10 Memorable Clown Moments in Movies and TV (1932-1989)
Funny, scary, or sad? Step right up and take your pick!
Most Popular Clown Movies and TV Shows (1932-1989)
1. Freaks (1932)
There's debate over whether Tod Browning's Freaks is horror or drama. One thing we do know, though: It's got a clown in it. Despite the film focusing largely on characters with birth defects of various kinds, Phroso the clown (Wallace Ford) is considerably more average. He relies on traditional clown gimmicks in his actions throughout the movie. Though he's a relatively minor character, he is potentially memorable and sometimes even wise.
For example, he says, "Don't go out filling your hide with a lot of booze celebrating. 'Cause fun what's got that way never done no one no good. Get me?" Then again, he has some sexist comments here and there. Still, he isn't a villain, and he helps make Freaks more of a nuanced picture while advancing view on clown-kind. As he says, "clowning is an art." Freaks also stars Leila Hyams, Olga Baclanova, Roscoe Ates, Henry Victor, Harry and Daisy Earles, and a whole bunch of others.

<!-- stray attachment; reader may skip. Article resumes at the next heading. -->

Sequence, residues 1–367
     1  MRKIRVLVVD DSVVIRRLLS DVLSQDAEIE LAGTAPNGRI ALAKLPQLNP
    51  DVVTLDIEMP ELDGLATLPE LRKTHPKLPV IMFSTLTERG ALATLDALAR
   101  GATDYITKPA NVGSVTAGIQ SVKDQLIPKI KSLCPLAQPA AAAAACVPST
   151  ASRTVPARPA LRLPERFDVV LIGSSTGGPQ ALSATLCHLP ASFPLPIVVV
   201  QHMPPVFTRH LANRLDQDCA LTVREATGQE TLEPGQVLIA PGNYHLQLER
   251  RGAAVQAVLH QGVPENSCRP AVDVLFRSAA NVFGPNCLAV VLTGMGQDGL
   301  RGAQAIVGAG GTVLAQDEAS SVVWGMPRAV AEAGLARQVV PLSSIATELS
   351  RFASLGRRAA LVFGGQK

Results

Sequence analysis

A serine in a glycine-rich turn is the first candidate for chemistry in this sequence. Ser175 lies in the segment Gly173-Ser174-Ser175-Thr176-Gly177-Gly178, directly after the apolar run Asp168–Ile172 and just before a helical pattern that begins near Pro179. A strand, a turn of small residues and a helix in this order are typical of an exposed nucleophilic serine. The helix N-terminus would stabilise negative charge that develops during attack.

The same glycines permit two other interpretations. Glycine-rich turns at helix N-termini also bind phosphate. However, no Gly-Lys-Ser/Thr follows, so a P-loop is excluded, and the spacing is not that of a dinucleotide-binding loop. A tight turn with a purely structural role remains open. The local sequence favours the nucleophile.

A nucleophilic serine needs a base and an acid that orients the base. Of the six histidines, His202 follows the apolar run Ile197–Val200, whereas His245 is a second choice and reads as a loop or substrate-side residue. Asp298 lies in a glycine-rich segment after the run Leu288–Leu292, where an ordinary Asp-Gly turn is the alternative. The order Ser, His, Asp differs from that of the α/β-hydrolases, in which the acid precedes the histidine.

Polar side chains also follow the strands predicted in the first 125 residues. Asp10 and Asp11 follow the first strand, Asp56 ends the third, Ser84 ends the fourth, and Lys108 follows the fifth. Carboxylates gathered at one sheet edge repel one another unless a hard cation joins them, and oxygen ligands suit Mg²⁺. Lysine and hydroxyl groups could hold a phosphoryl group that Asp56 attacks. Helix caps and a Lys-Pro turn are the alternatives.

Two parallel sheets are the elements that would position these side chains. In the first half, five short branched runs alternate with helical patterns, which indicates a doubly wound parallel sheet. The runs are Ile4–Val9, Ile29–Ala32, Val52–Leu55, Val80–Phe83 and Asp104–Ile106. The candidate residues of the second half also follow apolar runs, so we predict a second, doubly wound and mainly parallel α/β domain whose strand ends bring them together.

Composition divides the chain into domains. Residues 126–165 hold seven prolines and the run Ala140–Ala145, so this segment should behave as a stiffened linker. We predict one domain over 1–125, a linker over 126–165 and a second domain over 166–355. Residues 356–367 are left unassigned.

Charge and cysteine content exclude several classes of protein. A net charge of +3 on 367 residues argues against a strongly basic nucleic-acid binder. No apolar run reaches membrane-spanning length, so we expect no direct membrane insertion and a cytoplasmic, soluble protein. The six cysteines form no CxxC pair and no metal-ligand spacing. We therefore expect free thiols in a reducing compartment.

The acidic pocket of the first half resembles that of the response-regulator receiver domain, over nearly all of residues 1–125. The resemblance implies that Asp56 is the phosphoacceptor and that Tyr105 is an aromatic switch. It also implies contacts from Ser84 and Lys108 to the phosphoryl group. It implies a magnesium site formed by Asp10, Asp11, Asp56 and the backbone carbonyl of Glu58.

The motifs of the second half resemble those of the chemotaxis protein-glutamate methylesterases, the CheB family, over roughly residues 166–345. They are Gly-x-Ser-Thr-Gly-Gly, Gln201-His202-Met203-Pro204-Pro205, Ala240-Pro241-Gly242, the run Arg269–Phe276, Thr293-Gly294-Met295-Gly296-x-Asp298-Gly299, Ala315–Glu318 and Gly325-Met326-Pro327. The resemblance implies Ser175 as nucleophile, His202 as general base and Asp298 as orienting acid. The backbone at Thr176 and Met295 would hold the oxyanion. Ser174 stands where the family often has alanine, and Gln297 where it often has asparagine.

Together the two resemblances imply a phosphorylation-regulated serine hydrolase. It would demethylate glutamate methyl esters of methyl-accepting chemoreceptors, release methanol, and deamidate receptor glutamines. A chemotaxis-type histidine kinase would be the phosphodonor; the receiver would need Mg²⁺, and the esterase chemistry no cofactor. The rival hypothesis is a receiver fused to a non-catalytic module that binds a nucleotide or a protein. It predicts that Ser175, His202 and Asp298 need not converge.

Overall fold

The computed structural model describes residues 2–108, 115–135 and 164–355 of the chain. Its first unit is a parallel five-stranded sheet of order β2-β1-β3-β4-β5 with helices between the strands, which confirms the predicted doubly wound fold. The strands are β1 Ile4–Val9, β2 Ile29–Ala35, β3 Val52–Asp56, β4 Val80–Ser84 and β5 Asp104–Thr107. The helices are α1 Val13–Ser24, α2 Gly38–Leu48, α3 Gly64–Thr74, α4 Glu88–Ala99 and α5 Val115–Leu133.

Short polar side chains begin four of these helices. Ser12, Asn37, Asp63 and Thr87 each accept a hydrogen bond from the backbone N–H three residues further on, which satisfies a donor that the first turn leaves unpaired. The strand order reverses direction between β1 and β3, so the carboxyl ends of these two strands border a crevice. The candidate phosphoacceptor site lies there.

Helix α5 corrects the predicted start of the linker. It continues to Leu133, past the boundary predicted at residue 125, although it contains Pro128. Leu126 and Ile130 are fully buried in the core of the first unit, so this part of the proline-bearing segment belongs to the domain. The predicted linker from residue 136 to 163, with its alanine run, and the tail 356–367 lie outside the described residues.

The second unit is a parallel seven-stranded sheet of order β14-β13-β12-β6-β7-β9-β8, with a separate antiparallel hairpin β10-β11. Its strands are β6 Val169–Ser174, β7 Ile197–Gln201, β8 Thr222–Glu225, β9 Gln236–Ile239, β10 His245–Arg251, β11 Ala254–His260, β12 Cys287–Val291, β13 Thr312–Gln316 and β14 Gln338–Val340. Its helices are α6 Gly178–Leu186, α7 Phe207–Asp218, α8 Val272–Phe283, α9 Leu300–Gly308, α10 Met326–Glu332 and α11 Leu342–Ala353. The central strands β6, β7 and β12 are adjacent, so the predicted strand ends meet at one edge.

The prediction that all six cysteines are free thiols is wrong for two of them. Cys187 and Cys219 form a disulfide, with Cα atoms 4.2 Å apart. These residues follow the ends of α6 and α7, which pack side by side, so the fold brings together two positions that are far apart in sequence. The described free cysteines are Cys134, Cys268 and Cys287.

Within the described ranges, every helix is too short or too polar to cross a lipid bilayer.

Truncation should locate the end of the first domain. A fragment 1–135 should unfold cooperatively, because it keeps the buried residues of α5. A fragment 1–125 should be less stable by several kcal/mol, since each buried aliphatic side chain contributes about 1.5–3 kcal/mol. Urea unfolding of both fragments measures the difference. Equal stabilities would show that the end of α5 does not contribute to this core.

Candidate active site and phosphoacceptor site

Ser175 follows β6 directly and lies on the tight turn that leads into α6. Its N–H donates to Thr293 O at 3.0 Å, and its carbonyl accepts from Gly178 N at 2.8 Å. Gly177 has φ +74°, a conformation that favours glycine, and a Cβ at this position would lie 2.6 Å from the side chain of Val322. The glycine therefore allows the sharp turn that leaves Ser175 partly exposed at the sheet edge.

2. Batman (1966)
Before future installments made us permanently see the Joker as a thoroughly dark character, ABC made the Joker look plainly silly. Cesar Romero's Joker may have been willing to kill Batman, but he was always confounded by that cunning caped crusader! In a way, the 1960s Batma" represents a more innocent era of superhero presentation. Not everything has to be heavy, dark, and almost forcibly epic!
Still, this Joker incarnation was diabolical enough to still be villainous. However, no one who watched this Batman series thinks of him differently from how kids view the ghosts in Scooby-Doo...and that's okay, especially when Batman has crossed paths with Scooby and the gang. Batman also prominently features Adam West, Burt Ward, Burgess Meredith, Frank Gorshin, John Astin, Julie Newmar, Lee Meriwether, Eartha Kitt, and Vincent Price.